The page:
Lines Written During a Sleepless Night

Record and Artist Details

Genre:

Vocal

Label: Chandos

Media Format: CD or Download

Media Runtime: 74

Mastering:

DDD

Catalogue Number: CHAN20153

CHAN20153 . Lines Written During a Sleepless Night

Tracks:

Composition Artist Credit
(The) Poet's Echo Benjamin Britten, Composer
Joseph Middleton, Piano
Louise Alder, Soprano
(6) Songs Edvard Grieg, Composer
Joseph Middleton, Piano
Louise Alder, Soprano
(9) Songs, Movement: Mailied Nikolay Karlovich Medtner, Composer
Joseph Middleton, Piano
Louise Alder, Soprano
(12) Songs, Movement: Meeresstille Nikolay Karlovich Medtner, Composer
Joseph Middleton, Piano
Louise Alder, Soprano
(5) Songs, Movement: No. 4, Var det en dröm? (Was it a dream?) (wds. Wecksell) Jean Sibelius, Composer
Joseph Middleton, Piano
Louise Alder, Soprano
(5) Songs, Movement: No. 5, Flickan kom från sin älsklings möte (The maiden's tryst) (wds. Runeberg) Jean Sibelius, Composer
Joseph Middleton, Piano
Louise Alder, Soprano
(6) Songs, Movement: No. 4, Sigh, sedges, sigh (wds. Fröding) Jean Sibelius, Composer
Joseph Middleton, Piano
Louise Alder, Soprano
(7) Songs, Movement: Spring is flying Jean Sibelius, Composer
Joseph Middleton, Piano
Louise Alder, Soprano

Louise Alder’s recording presence moves into a considerably higher gear with this release – not her first recital disc but one distinctively curated to further tap into her intelligence, remarkable linguistic range and emotionally vibrant instincts (while mostly avoiding the long shadows of singers who came before her in this music). Alder’s Ukrainian heritage is the most obvious explanation for how this 34-year-old British winner of the 2017 BBC Cardiff Singer of the World competition achieves a seamless emotional identification with the text and music for Rachmaninov’s Op 38 songs that begin this disc. Good news for listeners who are allergic to the metallic edge heard in some Russian voices is that Alder’s sound is more post-Kiri Te Kanawa – one reason she has also enjoyed success in the title-roles of Handel’s Theodora and Cavalli’s La Calisto, as well as Richard Strauss in her single-composer recital (Orchid Classics, 9/17). Alder’s tone hasn’t the immediately identifiable voice print of, say, Elisabeth Söderström’s Rachmaninov recordings (Decca) but the mind behind the voice expresses itself with exceptional precision and commitment, without short cuts or mannerisms.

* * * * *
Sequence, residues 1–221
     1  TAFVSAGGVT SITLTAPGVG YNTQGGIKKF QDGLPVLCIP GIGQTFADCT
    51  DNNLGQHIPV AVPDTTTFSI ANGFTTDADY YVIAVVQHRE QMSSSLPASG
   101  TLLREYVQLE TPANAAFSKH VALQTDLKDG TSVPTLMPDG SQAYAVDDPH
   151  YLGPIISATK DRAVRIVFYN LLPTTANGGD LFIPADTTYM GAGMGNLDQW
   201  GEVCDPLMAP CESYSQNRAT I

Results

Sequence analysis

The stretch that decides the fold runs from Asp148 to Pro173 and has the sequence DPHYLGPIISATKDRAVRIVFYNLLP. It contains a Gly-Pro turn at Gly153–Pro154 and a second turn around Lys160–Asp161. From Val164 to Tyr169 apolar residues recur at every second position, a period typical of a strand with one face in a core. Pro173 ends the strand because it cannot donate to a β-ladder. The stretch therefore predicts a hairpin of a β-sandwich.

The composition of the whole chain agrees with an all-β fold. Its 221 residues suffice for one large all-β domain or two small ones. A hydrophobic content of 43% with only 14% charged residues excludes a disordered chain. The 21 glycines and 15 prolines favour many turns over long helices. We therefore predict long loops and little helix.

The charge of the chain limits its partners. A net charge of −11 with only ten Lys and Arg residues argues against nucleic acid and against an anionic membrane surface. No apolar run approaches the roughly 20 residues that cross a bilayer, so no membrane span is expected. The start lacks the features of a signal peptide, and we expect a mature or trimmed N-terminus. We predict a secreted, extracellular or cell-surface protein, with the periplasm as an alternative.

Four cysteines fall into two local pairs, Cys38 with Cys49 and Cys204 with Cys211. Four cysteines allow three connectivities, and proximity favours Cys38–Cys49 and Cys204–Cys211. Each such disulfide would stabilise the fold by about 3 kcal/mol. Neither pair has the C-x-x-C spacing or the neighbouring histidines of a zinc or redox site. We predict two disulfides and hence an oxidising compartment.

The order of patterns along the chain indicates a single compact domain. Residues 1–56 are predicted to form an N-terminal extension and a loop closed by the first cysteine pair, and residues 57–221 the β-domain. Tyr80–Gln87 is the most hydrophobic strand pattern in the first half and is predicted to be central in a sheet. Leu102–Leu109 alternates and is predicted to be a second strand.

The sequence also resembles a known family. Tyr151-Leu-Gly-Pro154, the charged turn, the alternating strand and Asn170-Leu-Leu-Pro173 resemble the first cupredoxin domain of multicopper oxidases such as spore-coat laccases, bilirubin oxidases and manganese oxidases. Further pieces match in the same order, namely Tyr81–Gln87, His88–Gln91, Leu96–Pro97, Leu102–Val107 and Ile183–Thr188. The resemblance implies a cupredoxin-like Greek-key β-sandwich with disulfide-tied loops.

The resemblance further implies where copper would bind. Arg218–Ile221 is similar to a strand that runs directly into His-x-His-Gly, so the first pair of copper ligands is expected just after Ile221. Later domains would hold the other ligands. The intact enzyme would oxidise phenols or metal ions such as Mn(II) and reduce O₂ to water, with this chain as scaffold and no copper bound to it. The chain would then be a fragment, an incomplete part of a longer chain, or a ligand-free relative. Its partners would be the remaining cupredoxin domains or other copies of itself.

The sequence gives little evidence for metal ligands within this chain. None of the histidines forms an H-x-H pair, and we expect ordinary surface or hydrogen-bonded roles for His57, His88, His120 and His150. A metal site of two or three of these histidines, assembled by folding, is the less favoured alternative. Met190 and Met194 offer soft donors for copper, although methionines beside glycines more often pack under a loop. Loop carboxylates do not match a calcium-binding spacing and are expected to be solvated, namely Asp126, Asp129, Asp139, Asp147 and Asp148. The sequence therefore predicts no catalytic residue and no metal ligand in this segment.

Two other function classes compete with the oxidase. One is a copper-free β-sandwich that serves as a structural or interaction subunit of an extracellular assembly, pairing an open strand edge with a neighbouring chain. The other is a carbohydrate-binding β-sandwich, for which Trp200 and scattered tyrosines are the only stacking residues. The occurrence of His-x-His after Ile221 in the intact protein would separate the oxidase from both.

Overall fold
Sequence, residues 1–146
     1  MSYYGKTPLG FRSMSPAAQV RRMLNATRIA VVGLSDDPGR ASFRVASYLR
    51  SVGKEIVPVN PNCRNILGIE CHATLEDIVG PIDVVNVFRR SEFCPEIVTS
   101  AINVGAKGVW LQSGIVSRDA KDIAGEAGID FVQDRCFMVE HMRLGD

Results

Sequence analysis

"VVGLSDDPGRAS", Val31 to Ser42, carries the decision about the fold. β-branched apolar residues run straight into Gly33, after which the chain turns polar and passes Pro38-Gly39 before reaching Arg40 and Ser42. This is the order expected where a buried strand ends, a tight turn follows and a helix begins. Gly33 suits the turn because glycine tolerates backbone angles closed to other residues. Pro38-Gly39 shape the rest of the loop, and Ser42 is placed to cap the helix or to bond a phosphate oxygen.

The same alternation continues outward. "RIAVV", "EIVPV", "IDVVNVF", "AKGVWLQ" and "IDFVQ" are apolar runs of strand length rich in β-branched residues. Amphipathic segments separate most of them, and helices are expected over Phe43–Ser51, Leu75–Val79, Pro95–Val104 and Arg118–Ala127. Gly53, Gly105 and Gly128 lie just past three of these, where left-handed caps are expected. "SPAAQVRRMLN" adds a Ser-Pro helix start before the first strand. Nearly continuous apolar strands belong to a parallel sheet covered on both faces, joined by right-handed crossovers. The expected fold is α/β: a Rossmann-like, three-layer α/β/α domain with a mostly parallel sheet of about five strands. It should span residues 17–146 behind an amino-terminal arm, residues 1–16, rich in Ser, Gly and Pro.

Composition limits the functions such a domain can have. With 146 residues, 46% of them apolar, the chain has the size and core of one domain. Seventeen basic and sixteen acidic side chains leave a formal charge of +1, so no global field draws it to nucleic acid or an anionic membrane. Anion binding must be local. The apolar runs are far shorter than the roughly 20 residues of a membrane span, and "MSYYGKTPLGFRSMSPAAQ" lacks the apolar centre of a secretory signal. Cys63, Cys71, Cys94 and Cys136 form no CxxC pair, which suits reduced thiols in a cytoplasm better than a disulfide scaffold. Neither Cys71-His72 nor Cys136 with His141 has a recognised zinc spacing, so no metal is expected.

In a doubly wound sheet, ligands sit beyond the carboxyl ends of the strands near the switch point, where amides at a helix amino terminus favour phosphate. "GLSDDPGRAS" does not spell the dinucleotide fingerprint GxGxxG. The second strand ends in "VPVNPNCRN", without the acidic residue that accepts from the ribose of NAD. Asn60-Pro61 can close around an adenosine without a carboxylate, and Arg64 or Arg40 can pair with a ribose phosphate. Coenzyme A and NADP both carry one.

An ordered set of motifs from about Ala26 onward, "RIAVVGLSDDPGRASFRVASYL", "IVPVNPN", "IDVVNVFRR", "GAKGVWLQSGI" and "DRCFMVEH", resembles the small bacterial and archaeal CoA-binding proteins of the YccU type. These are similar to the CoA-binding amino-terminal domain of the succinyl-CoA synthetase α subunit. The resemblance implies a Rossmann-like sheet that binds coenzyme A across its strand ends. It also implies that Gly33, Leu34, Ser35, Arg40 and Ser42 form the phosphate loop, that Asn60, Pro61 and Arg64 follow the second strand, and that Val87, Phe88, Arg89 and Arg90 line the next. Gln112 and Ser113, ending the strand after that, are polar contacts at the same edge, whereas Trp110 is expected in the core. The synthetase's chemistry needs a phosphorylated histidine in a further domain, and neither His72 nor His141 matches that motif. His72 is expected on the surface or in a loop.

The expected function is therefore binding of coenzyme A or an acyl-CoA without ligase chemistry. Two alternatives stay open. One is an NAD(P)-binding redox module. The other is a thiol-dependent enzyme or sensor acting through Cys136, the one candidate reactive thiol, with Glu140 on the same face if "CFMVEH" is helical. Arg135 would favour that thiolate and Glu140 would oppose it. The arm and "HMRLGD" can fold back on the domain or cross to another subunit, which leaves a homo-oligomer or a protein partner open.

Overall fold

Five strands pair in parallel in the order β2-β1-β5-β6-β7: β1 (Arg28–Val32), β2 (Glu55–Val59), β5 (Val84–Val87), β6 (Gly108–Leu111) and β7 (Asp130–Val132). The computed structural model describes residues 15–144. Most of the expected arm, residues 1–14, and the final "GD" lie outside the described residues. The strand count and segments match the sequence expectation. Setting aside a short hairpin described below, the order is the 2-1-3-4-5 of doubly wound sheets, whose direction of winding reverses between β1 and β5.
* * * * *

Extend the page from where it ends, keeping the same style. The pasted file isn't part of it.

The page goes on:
The sequencing of the music is consciously fashioned as a journey. One compass is her family history – starting with the purely Russian music of Rachmaninov and ending with the Russian/British fusion of Britten’s The Poet’s Echo (with its mostly Pushkin texts). On a purely musical level, the disc is a well-selected tour of late Romantics with certain recurring themes. Composers are often represented by songs with ballad-like narratives, and Alder has the vocal colour and sense of theatrical through-line to make such pieces all that they can be. The avian imagery in Grieg’s ‘The Nightingale’s Secret’, for example, is sung for all its expressive potential – as opposed to its novelty. Some may miss the vocal gravity of the classic Kirsten Flagstad recording of Sibelius’s ‘The Maiden’ but that’s an unfair measuring stick, and the song about a girl coming home from meeting her lover is among the more welcome items on the disc. Songs about dreams – with all of their fantasy and symbolic power – surface periodically, with Alder summoning some of her warmest tone and most winning manner. The French-language Tchaikovsky songs seem shallow by that composer’s standards but they create some breathing space before moving on to the Britten cycle.

The opening song of The Poet’s Echo is one of Britten’s most arresting. But the vocal lines that test Alder’s limits are those clearly tailored to the specific capabilities of its dedicatee, Galina Vishnevskaya, though her own recording (Decca, 6/70) hasn’t worn so well for vocal and sound-quality reasons. Still, Alder is quite credible in the piece, which brings the disc to the sort of substantial conclusion that makes you want to return to it soon. I wish pianist Joseph Middleton was more vividly recorded. I also wish the Rachmaninov and Britten song texts weren’t printed in Cyrillic in the booklet. Perhaps Alder went down the rabbit hole momentarily: the cover photo has her posed identically to one of her ancestor photos on the inside pages. A bit eerie? Like Kim Novak’s character in the Alfred Hitchcock film Vertigo?

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